SOLAS ch.V reg. 23 clearly states in 2.1:
All arrangements used for pilot transfer shall efficiently fulfil their purpose of enabling pilots to embark and disembark safely… seems quite easy to me that when people get will hurt or worse using non-compliant embarkation platforms, they don’t really follow this rule, but… yes yes grandfather clause..
SOLAS ch.5 reg. 23 was preceded by resolution MSC 99(73) (renumbering reg.17 as reg.23) which came into force July 2002. This rule states the same in 2.1, no changes have been made, well that makes things a bit easier.
IMO A.1045(27) states in 3.7:
The trapdoor should open upwards and be secured either flat on the embarkation platform or against the rails at the aft end of the outboard side and should not form part of the handholds.
Let’s continue with IMO A.1045(27) 3.7:” …. And the pilot ladder should extend above the lower platform to the height of the handrail and remain in alignment with and against the ship’s side.” We can clearly see on the photo that the ladder does not run to the height of the handrails. It has been put under the platform, hanging at the beam. Why is this dangerous? When you reach the top of the ladder, you have to lean back and grab some pieces of steel (slippery when wet) on the upward side of the platform (in this case even the trapdoor itself) then you have to pull yourself on your arms up through the gap (whilst loosing grip with your feet) turning sideways as you attempt this and get your body onto the platform.. all of this 5-7 meters above the surface of the water in all possible weather… going down on this particular setup. I had to sit on the platform with my feet through the gap, hold on to pieces of steel with my hands and lower myself through the gap until I felt the first step of the pilot ladder… sounds lovely doesn’t it??
Also because the ladder is hanging under the beam, it is not resting firmly against the ship’s hull and basically moves all over the place.
Back to some rules:
IMO A.1045(27) was preceded by IMO A. 889(21) from 1999 until 2012 and states in 3.7:
if a trapdoor is fitted in the lower platform to allow access from and to the pilot ladder, the aperture should not be less than 750mm x 750mm. in this case the platform should also be fenced as specified in par 3.5 (stanchions and handrails etc (ap)) and the pilot ladder should extend above the lower platform to the height of the handrail.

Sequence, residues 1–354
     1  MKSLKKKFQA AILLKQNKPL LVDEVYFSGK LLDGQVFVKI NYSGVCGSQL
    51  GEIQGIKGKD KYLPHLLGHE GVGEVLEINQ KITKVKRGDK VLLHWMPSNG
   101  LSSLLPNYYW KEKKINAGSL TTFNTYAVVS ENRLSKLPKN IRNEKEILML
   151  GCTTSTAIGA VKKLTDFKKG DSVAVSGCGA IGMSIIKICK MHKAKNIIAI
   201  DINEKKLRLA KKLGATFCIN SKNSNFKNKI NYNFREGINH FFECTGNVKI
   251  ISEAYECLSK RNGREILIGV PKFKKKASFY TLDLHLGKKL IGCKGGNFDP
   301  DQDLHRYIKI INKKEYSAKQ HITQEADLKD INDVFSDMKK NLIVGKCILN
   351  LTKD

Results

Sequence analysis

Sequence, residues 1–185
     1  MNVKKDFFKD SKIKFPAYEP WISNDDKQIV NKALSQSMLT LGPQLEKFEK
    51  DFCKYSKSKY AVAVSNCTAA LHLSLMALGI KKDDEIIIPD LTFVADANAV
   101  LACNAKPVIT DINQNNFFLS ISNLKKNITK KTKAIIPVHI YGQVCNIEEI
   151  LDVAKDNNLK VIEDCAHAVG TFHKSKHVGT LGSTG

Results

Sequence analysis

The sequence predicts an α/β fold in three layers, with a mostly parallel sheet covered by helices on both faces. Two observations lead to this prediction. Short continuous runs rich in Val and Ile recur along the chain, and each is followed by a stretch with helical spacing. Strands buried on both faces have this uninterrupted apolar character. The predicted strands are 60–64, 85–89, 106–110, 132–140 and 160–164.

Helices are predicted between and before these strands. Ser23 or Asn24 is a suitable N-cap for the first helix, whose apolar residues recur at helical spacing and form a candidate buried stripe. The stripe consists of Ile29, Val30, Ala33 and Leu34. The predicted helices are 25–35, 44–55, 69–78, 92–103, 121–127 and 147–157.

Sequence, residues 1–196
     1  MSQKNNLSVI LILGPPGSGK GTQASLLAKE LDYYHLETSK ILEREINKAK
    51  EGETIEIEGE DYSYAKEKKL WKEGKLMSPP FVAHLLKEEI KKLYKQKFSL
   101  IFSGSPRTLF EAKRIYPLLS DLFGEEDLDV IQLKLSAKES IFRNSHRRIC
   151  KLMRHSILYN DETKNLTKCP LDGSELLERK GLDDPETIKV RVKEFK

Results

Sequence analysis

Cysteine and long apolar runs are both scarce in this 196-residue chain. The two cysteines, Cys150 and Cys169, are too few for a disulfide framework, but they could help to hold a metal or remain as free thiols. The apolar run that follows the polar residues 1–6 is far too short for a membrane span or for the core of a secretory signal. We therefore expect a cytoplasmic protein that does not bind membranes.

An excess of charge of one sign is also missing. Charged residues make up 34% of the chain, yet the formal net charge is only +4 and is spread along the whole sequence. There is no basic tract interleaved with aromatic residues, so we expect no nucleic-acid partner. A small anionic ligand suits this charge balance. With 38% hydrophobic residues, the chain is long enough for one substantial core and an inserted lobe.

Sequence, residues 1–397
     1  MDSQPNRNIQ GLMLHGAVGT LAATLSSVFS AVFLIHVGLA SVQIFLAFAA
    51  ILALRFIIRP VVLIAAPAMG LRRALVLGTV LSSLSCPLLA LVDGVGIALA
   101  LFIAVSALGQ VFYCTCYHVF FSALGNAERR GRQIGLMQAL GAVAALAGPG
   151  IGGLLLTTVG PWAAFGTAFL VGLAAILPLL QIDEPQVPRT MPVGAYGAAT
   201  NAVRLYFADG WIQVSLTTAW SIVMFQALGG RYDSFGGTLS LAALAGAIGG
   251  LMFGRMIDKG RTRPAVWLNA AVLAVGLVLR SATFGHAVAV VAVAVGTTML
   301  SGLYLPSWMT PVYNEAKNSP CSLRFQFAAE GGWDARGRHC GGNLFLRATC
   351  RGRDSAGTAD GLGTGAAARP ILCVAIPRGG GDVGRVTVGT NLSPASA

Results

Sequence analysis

So even in 1999 they concluded that the ladder had to go through the gap to the height of the handrail but wait… it will get even worse when we go back a little bit further in time….
So after having looked at the regulations that have been in force even since 1979, we can conclude that 41 years of regulations regarding embarkation platforms have not resulted yet in compliant pilot boarding arrangements. We can now also conclude that vessels referring to the 2012 grandfather clause basically are full of bullocks to put it as politely as I possibly can…. When most of us were still playing with our toy cars, these old rules were already simple and in force….
One of the leading companies, I shall not reveal their name, but main office in Geneva, and the vessels are black (lol) has taken serious steps to modify each vessel in their fleet that still has a noncompliant embarkation platform.This is a big task and will take some time.
More and more companies are following up to ban the non-compliant embarkation platforms by changing them into correct ones, a big task lies ahead of most companies. Some companies (will not reveal their name) still show a stubborn behavior and refuse to change their systems. All they say is: class approved…. We know class approved doesn’t mean compliant in accordance with IMO and SOLAS regulations.
Also a lot of pilots just keep climbing them without making remarks and of course as long as we keep climbing, they’ll keep coming and captains then wonder why some pilots complain: mr. pilot you are the first one to complain…
Luckily a lot of pilot associations are also publishing letters, memo’s and articles concerning noncompliant embarkation platforms:
5. EpilogueAfter reading this article I can only hope you are more aware about the do’s and don’t concerning combinations and embarkation platforms.
Basically this article was only about a few rules from SOLAS ch V reg 23: rule 3 in total and IMO A.1045(27) rule 3 in total. Of course all the rules I have mentioned in previous articles are applicable to these systems but as you saw the focus was on these few simple rules this time. As I have stated before, the rules must be revised to make them easier and more understandable, because everything that can be misinterpreted, will be..
I am looking forward to your remarks and feed back on this article, please do not hesitate to contact me, should you have any!
For now please stay safe and have a good watch!
Arie Palmers (reg. pilot)